Operation Lion's Den
Although Linebacker was largely carried out by air, naval forces were also deployed to provide counter battery fire against enemy targets along the Ho Chi Minh Trail and other important logistical areas and in support of ground troops. One such operation was Operation Lion's Den, or "The Battle of Haiphong Harbor". On 27 August 1972. Vice Admiral James L. Holloway III took with him his ship, the heavy cruiser Newport News, the guided missile cruiser Providence, and the destroyers Robison and Rowan conducted a brief night raid against the North Vietnamese forces protecting the port of Haiphong. After the bombardment, the ships were threatened by four Russian-built torpedo boats. Joined by two aircraft from the Coral Sea, three of the four torpedo boats were sunk. It was one of the few ship-to-ship naval battles of the war.
Paris Peace Talks and conclusion
For more details on on the negotiations, see Paris Peace Talks.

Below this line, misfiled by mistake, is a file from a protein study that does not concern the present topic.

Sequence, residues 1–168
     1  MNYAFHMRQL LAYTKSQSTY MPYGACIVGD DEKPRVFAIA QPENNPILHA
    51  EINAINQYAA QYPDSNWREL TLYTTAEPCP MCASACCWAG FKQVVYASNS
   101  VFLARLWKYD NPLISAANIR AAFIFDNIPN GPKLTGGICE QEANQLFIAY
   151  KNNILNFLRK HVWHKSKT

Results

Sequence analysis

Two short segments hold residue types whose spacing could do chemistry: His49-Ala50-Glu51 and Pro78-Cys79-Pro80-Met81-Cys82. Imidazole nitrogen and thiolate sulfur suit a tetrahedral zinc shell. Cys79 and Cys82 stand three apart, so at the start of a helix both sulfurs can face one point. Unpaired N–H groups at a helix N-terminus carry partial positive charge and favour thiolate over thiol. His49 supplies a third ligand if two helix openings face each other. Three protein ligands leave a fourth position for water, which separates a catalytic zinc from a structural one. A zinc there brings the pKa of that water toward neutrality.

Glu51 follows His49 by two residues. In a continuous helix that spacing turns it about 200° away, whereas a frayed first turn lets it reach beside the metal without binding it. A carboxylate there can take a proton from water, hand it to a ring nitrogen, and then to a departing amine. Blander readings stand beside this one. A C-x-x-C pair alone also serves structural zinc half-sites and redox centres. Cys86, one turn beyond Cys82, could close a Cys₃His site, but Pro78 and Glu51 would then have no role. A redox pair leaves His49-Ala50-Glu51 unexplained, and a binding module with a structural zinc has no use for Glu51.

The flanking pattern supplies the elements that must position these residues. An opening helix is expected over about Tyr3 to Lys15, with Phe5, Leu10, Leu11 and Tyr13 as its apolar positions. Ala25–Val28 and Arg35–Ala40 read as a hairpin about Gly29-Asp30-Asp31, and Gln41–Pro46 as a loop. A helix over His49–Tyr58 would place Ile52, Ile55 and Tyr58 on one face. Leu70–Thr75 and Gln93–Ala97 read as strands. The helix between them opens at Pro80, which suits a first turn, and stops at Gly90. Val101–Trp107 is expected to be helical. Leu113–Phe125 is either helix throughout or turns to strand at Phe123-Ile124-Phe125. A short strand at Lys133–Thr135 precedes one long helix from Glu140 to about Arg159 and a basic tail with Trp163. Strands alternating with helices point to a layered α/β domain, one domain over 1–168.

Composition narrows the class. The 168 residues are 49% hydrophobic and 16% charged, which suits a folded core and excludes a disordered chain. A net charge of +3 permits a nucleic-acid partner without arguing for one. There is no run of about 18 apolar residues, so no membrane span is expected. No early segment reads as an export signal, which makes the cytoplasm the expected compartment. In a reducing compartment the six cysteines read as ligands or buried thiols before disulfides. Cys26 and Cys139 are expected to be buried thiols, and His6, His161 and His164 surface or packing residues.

The stalled offensive in the south and the devastation in North Vietnam had helped to convince Hanoi to return to the bargaining table by early August. The meetings produced new concessions from Hanoi which promised to end the deadlock that had plagued negotiations since their inception in 1968. Gone were Hanoi's demands for the ouster of South Vietnamese President Nguyễn Văn Thiệu and his replacement by a coalition government in which the National Liberation Front would participate. The diplomatic impasse was broken and Nixon ordered a halt to all bombing above the 20th parallel on 23 October. This once again placed Hanoi and Haiphong off-limits, and halted Linebacker operations.